American Chemical Society
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Multistep CO2 Activation and Dissociation Mechanisms on PdxPt4–x Clusters in the Gas Phase

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journal contribution
posted on 2023-05-17, 13:05 authored by Renata Sechi, Tibor Höltzl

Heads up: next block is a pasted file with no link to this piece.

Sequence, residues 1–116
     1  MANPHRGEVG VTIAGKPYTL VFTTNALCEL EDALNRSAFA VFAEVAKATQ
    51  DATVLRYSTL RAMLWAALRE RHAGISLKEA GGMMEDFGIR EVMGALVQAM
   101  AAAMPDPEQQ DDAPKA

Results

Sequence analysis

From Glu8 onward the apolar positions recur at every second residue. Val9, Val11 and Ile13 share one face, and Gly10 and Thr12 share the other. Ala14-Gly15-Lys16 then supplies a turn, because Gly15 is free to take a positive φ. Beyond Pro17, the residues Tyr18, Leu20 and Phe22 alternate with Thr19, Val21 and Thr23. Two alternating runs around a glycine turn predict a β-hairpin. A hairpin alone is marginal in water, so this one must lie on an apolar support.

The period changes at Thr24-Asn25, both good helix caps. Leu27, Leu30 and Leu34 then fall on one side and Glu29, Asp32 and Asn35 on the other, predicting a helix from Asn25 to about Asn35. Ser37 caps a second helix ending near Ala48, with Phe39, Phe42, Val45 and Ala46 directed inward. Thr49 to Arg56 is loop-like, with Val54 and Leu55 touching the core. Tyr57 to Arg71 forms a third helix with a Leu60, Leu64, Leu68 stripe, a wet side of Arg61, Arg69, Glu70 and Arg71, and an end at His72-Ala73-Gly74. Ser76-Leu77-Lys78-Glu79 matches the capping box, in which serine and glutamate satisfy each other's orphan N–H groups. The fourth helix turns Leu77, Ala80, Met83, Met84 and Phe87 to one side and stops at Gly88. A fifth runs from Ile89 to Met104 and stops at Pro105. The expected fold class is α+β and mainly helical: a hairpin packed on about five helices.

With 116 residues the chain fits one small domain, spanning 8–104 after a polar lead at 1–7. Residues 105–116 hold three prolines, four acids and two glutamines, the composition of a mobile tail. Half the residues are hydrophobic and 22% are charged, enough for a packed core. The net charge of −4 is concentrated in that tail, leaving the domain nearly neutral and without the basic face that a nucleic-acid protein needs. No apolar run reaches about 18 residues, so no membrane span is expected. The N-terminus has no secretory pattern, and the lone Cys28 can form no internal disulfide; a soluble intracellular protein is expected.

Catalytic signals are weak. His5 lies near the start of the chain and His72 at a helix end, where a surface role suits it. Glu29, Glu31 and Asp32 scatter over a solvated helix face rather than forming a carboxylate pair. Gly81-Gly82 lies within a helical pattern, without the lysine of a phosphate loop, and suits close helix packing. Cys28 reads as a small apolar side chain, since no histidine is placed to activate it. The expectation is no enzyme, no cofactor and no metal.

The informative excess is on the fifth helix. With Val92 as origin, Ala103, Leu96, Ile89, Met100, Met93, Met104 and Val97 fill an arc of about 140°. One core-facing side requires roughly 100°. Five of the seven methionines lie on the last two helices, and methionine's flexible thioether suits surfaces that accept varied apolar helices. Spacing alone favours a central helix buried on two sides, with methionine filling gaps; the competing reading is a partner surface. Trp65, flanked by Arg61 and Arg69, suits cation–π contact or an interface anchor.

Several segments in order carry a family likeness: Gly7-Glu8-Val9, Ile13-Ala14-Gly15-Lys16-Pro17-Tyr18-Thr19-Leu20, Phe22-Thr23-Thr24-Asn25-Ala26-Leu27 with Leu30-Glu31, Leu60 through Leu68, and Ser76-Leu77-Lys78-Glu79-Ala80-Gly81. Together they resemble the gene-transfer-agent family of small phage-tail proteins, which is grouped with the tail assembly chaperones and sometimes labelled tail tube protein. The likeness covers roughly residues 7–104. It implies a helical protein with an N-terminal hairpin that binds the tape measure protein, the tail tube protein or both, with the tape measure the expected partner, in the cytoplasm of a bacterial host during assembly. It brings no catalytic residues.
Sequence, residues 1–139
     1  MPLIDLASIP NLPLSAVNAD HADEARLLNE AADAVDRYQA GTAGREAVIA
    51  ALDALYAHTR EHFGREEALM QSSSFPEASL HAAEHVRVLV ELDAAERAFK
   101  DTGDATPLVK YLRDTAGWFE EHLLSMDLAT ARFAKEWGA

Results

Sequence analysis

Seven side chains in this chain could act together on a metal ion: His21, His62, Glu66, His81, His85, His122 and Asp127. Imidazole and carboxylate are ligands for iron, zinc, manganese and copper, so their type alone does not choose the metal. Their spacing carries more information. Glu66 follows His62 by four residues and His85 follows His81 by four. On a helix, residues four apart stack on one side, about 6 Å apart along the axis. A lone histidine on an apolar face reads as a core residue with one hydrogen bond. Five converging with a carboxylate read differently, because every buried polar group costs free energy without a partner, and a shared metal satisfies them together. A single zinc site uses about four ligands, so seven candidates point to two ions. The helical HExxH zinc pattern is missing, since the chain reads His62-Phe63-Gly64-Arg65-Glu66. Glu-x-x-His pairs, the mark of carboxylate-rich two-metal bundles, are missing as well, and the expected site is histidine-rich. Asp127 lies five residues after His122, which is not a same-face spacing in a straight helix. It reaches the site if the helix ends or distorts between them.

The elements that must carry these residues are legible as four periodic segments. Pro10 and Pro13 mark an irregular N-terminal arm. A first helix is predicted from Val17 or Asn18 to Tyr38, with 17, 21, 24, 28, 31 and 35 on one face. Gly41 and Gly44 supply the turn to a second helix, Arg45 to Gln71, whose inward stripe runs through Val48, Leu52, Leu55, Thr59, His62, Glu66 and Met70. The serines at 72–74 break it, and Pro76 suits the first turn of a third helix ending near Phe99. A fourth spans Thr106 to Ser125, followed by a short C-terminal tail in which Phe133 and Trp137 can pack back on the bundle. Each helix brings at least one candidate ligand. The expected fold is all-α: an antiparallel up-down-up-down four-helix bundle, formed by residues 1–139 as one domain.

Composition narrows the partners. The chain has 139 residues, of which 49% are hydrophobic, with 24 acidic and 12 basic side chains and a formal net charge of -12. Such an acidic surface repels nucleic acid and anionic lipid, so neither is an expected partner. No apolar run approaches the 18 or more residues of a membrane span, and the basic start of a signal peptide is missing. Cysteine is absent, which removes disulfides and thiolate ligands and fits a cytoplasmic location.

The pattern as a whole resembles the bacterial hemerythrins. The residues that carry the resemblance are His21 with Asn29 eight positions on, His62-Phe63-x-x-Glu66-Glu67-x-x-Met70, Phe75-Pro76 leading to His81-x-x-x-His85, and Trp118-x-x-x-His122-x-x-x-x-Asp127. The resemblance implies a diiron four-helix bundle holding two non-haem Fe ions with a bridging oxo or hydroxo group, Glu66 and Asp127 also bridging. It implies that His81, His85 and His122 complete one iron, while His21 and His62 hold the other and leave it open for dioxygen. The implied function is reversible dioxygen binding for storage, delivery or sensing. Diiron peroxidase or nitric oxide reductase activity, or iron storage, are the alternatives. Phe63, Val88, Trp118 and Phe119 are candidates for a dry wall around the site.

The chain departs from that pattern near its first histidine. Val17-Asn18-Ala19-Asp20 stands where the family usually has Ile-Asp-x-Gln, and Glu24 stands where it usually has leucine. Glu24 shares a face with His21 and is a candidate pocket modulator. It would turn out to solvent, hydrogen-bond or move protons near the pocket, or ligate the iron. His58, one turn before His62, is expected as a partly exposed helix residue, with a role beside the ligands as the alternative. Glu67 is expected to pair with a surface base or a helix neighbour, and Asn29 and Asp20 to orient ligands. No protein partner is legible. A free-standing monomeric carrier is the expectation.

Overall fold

Palladium, platinum, and their alloys are promising catalysts for electrochemical CO2 reduction reactions (CO2RR), leading to the design of durable and efficient catalysts for the production of useful chemicals in a more sustainable way. However, a deep understanding of the CO2RR mechanisms is still challenging because of the complexity and the factors influencing the system. The purpose of this study is to investigate at the atomic scale the first steps of the CO2RR, CO2 activation and dissociation mechanisms on PdxPt4–x clusters in the gas phase. To do it, we use Density Functional Theory (DFT)-based reaction path and ab initio molecular dynamics (AIMD) computations. Our research focuses on the description of CO2 activation and dissociation processes via the computation of multistep reaction paths, providing insights into the site and binding mode dependent reactivity. Detailed understanding of the CO2–cluster interaction mechanisms and estimating of the reaction energy barriers facilitate comprehension of why and how catalysts are poisoned and identification of the most stable activated adducts configurations. We show that increasing the platinum content induces fluxional behavior of the cluster structure and biases CO2 dissociation; in fact, our computations unveiled several dissociated CO2 isomers that are very stable and that there are various isomerization processes leading to a dissociated structure (possibly a CO poisoned state) from an intactly bound CO2 one (activated state). On the basis of the comparison of the PdxPt4–x reaction paths, we can observe the promising catalytic activity of Pd3Pt in the studied context. Not only does this cluster composition favor CO2 activation against dissociation (thereby expected to facilitate the hydrogenation reactions of CO2), the potential energy surface (PES) is very flat among activated CO2 isomers.